To the Editor:
Much of the debate over Kwame Ture has revolved around whether he is anti-Semitic. Part of targeting, categorizing and perpetuating prejudice against a group is to make blanket statements and monolithic generalizations about the group. Ture was brought here as part of a series on identity politics. One of the tenets of identity politics is that members of a given community define their identity for themselves; those outside the community should not presume to define the community's identity for them. It is presumptious for non-Jews to define and decide for Jewish students what is or is not anti-Semitic.
We would like to address some of the ways in which Kwame Ture perpetuated anti-Semitism in his lecture.
1) "Jews look for suffering. Judaism requires that Jews bring suffering upon themselves in order to redeem themselves and to redeem the world." This statement is both inaccurate and offensive. First, it is inaccurate because Judaism does not mandate suffering; there is no element of salvation through suffering in Judaism.
It is highly offensive because it claims that persecution and suffering inflicted upon Jews was brought on by the Jews; it is a blame-the-victim tactic. The persecution and suffering felt by Jews throughout history has been neither sought out nor desired.
2) "Judaism is only a religion. If you don't believe in God you are not a Jew." This is also both inaccurate and offensive. It is inaccurate because according to Jewish law, if your mother is Jewish you are Jewish regardless of whether you practice.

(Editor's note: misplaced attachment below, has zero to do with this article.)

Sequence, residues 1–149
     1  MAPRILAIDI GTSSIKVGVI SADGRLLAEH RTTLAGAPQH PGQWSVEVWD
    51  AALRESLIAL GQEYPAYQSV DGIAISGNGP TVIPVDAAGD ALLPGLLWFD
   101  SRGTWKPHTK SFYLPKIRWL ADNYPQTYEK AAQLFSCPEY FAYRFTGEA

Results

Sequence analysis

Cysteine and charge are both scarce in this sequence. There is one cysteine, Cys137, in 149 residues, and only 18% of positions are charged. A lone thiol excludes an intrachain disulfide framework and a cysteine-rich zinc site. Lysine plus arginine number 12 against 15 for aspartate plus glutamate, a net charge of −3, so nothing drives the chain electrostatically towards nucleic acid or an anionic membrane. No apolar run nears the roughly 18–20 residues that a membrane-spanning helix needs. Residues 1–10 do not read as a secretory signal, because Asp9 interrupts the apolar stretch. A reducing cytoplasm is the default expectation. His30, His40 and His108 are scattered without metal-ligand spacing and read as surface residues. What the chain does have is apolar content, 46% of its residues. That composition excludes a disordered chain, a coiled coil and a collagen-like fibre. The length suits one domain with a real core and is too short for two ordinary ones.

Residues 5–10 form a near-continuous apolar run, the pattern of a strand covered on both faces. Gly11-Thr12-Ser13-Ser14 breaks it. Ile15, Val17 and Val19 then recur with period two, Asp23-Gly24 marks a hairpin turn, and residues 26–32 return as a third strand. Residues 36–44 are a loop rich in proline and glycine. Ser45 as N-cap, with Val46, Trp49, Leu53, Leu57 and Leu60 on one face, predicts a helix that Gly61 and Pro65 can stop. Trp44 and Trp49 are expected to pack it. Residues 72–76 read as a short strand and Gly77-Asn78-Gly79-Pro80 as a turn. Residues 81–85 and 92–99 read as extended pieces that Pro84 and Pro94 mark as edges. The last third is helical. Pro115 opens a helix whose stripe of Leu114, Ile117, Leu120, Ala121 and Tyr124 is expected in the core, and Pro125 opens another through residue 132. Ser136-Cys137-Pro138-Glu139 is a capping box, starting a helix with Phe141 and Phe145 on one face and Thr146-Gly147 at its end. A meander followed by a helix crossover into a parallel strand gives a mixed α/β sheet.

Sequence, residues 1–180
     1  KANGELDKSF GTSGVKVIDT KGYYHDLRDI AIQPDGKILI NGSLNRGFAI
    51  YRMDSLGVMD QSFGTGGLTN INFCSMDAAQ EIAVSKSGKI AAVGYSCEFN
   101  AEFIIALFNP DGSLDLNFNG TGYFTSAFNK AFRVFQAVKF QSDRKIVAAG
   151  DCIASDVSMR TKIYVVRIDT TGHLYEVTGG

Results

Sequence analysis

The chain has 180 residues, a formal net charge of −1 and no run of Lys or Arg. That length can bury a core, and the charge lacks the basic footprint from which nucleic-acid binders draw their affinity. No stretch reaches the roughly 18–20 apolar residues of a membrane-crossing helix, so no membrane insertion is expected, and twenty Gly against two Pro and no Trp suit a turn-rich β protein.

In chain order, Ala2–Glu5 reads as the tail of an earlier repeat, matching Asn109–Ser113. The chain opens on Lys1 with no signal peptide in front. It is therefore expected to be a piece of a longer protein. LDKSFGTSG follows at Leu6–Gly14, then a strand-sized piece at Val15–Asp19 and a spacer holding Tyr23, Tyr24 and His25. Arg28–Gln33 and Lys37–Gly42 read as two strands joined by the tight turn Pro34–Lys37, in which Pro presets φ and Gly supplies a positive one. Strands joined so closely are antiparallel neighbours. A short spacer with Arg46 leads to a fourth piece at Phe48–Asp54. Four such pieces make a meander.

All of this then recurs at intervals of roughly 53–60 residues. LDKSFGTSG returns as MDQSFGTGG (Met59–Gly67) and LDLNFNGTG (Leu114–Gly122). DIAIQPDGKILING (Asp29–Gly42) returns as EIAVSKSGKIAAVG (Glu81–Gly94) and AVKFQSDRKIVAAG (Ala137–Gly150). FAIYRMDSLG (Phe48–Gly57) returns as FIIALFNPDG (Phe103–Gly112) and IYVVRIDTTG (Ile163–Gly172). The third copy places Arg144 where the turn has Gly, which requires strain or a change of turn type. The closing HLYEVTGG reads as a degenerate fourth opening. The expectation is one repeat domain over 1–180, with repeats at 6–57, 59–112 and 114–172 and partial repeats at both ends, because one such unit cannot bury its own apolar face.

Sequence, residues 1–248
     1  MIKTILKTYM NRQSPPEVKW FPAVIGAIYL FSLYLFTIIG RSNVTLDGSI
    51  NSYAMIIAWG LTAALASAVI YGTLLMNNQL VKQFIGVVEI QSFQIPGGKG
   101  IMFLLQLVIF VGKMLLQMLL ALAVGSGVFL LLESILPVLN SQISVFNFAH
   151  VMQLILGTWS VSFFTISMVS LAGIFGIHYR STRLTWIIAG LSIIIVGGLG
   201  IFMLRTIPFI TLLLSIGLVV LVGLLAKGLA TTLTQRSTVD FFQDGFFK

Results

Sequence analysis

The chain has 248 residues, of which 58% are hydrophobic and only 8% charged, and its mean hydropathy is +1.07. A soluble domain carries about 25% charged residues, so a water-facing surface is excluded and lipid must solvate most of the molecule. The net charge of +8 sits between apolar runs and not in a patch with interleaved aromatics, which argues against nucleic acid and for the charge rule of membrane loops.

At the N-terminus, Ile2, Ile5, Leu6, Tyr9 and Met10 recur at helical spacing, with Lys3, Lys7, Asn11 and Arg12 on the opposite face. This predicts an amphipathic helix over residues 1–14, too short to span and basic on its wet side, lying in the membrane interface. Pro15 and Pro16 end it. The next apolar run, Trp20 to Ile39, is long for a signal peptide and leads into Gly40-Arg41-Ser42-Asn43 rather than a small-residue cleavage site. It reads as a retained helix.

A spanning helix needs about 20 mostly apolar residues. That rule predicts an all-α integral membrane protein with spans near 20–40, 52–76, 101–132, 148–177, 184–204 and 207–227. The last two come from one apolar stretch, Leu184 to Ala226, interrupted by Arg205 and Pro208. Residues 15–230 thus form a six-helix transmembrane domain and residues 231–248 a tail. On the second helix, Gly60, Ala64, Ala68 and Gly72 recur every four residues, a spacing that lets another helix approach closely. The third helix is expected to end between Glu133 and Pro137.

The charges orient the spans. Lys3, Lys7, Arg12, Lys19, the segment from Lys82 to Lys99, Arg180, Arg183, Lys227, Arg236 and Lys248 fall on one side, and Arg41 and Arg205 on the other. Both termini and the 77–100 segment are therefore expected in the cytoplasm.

This is offensive because it completely denies cultural heritage and ethnicity. There are many factors which define a Jewish identity, all of which have equal legitimacy.
3) "The only good Zionist is a dead Zionist." This statement is offensive and anti-Semitic because hundreds of thousands of Jews are Zionists according to numerous definitions of Zionism. Thus, Ture would like these thousands of Jews dead. He is proposing mass murder based on sweeping generalizations of an ideology and people are debating whether this is acceptable.
These tactics and statements have been used against Jews throughout history. Ture's speech was a clear example of anti-Semitism. While we recognize Ture's importance for many students, we hope that students will recognize the significance that Ture's unjustifiable anti-Semitims holds for us.
Copyright © 1996, The Oberlin Review.
Volume 124, Number 18; March 15, 1996
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